Trunc Date in SQL Server

In Oracle there is a function (trunc) used to remove the time portion of a date. In order to do this with SQL Server, you need to use the convert function. Convert takes 3 parameters, the datatype to convert to, the value to convert, and an optional parameter for the formatting style. It is this third parameter we will use in order to customize the format of the date.

[cc lang=”sql”]
— Month first
SELECT CONVERT(varchar(12),GETDATE(), 101) — 06/29/2009
SELECT CONVERT(varchar(12),GETDATE(), 110) — 06-29-2009
SELECT CONVERT(varchar(12),GETDATE(), 100) — Jun 29 2009
SELECT CONVERT(varchar(12),GETDATE(), 107) — Jun 29, 2009

— Year first
SELECT CONVERT(varchar(12),GETDATE(), 102) — 2009.06.29
SELECT CONVERT(varchar(12),GETDATE(), 111) — 2009/06/29
SELECT CONVERT(varchar(12),GETDATE(), 112) — 20090629

— Day first
SELECT CONVERT(varchar(12),GETDATE(), 103) — 29/06/2009
SELECT CONVERT(varchar(12),GETDATE(), 105) — 29-06-2009
SELECT CONVERT(varchar(12),GETDATE(), 104) — 29.06.2009
SELECT CONVERT(varchar(12),GETDATE(), 106) — 29 Jun 2009

— Time only
SELECT CONVERT(varchar(12),GETDATE(), 108) — 07:26:16
SELECT CONVERT(varchar(12),GETDATE(), 114) — 07:27:11:203

— Date Only No Time (SQL 2008) [thank you John]
SELECT Cast(GetDate() AS date); — 08/12/2011

Ash 25 Jun 2015 at 11:30 am

The title and solution here aren’t quite accurate.
The last suggestion (CAST(GetDate() AS DATE) is the only one equivalent to TRUNC(sysdate) in Oralce. The others are equivalents for Oracle’s TO_CHAR() function.
In Oracle, TO_CHAR(sysdate, ‘format’), returns a string representing the date with whatever format you specifyso, TO_CHAR(ssysdate, ‘MM/DD/YYYY’) is equivalent to CONVERT(VARCHAR(12),GETDATE(), 101).

Also, TRUNC() also allows you to truncate to beginning of week, month, year, as well as hour, minute, nearest second etc, by provision of a second parameter which defaults to days. TRUNC(’05-NOV-2011′,’MM’) returns 01-NOV-2011 and if ‘MM’ were ‘YY’ returns 01-JAN-2011
The TRUNC() for a date always returns a date datatype too,which is where it differs from the various converts you’ve listed here, it’s more suited to sorting and comparison in a query with no implicit conversion against other date columns.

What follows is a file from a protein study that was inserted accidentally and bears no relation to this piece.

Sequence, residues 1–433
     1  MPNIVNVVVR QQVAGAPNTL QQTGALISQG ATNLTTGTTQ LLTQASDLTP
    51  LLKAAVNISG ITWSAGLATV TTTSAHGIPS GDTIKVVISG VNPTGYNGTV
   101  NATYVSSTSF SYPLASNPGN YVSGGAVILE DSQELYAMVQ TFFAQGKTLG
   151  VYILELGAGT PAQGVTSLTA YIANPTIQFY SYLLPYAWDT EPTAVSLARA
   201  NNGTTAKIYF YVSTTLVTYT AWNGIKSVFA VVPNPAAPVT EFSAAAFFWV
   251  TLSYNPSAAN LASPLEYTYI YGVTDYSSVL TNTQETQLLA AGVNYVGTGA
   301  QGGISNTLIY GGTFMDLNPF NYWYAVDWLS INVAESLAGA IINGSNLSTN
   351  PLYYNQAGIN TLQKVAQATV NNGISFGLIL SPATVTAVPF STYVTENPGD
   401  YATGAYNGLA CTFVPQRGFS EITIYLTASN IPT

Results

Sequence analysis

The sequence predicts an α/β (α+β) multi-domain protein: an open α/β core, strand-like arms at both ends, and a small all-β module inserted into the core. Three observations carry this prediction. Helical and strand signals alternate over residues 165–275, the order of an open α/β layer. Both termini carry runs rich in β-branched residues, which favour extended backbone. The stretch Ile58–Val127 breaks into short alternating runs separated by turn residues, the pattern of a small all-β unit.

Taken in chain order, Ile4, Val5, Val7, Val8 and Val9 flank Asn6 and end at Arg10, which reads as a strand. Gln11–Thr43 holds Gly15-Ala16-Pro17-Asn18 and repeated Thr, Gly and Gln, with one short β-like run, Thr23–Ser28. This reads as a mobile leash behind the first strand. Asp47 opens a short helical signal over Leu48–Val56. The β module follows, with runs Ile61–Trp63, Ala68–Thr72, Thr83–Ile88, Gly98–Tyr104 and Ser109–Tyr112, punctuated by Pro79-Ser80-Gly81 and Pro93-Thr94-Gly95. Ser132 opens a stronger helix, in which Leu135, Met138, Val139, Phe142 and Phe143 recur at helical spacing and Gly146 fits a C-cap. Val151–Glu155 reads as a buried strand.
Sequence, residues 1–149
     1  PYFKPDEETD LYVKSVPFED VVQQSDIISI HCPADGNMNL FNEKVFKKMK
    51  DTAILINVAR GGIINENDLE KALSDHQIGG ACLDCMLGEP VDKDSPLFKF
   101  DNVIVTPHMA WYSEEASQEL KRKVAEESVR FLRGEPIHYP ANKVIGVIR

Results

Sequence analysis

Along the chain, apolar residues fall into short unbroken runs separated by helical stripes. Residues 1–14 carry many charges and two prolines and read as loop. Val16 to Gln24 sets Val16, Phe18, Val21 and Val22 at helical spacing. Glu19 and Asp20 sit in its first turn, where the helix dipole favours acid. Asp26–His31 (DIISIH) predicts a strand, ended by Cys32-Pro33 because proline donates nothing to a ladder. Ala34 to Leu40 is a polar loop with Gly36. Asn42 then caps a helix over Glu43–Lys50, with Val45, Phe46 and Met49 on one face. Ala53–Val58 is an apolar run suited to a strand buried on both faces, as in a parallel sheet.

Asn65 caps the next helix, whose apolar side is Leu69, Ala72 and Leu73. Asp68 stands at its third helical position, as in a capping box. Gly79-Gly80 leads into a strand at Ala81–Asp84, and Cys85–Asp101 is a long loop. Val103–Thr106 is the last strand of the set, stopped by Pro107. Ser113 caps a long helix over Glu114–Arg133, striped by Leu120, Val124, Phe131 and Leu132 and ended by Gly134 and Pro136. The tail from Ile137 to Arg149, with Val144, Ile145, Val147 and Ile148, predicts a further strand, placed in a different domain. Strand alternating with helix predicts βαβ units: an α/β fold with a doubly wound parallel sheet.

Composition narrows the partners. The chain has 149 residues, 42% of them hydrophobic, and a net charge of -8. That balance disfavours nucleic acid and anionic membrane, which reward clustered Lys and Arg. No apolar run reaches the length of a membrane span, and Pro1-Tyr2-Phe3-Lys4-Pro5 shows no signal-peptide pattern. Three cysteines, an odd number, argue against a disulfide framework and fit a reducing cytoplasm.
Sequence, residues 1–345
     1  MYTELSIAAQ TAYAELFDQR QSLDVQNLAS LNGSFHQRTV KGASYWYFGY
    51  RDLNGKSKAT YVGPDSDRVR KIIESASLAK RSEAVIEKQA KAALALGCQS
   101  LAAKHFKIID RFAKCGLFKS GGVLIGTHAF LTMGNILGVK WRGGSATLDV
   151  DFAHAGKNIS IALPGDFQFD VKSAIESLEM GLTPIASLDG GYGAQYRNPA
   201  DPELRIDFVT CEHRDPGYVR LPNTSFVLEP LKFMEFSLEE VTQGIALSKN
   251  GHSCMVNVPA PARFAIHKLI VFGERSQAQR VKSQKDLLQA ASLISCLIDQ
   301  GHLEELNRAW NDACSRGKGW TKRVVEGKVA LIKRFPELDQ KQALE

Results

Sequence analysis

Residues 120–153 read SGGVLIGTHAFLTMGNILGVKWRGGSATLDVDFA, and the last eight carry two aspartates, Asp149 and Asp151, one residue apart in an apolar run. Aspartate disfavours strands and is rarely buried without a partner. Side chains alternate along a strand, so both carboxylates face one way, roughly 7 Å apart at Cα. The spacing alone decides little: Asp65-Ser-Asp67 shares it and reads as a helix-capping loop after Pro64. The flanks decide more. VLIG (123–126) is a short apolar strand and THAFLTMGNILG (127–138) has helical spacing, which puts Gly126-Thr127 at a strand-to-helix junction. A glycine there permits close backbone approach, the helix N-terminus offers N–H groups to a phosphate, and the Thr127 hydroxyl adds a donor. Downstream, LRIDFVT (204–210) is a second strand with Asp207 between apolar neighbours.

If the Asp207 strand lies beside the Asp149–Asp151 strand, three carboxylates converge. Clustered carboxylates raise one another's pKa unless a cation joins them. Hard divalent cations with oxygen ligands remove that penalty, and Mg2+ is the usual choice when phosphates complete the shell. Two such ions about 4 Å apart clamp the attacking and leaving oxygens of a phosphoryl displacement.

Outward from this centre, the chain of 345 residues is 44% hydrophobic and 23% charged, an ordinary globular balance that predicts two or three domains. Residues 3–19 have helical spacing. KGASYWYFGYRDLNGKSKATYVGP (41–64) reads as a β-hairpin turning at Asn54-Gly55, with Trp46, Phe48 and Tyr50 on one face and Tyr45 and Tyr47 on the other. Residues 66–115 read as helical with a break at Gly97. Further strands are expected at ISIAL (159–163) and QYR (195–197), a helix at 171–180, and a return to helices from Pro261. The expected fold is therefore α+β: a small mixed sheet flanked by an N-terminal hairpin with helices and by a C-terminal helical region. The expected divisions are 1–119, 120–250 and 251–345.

Hope this helps.

Chris 25 May 2017 at 7:12 pm

I was looking for trunc(date,’MM’) as well… I can probably construct it, but it’s a PITA.

prakash 24 Jun 2015 at 9:21 am

difference between sysdate vs trunc sysdate

Jorge 29 Aug 2015 at 5:29 am

Firefox 3.5.3 Windows XPI’m really loinvg the theme/design of your weblog. Do you ever run into any internet browser compatibility issues? A couple of my blog audience have complained about my site not operating correctly in Explorer but looks great in Safari. Do you have any advice to help fix this issue?

fatih 08 Feb 2013 at 11:56 am

thanks! very useful functions…

JohnNeville 02 Aug 2011 at 8:23 am

From SS2008 onwards you can use the ‘date’ datatype.

SELECT Cast(GetDate() AS date);
— works fine, as does

DECLARE @dateonly date = GetDate();
SELECT @dateonly;

I find the above much easier to read in code.


Derek Dieter 12 Aug 2011 at 10:25 pm

Thank you John,

I did know about the new date only feature but needed to update this article accordingly. Thanks, it is much easier to read.


Swati 29 Aug 2015 at 7:34 am

Opera 12.02 Windows 7Oh my goodness! Impressive aitcrle dude! Thank you so much, However I am experiencing troubles with your RSS. I don’t understand why I can’t subscribe to it. Is there anybody having identical RSS issues? Anyone who knows the answer will you kindly respond? Thanx!!

fotis 25 Feb 2011 at 4:37 am

a diferent approach:

create FUNCTION [dbo].[TimeOnly] ( @DateTime DATETIME )
RETURN DATEADD(day, -DATEDIFF(day, 0, @datetime), @datetime)

CREATE FUNCTION [dbo].[DateOnly] ( @DateTime DATETIME )
RETURN DATEADD(dd, 0, DATEDIFF(dd, 0, @DateTime))


Featured Articles

 Site Author

  • Thanks for visiting!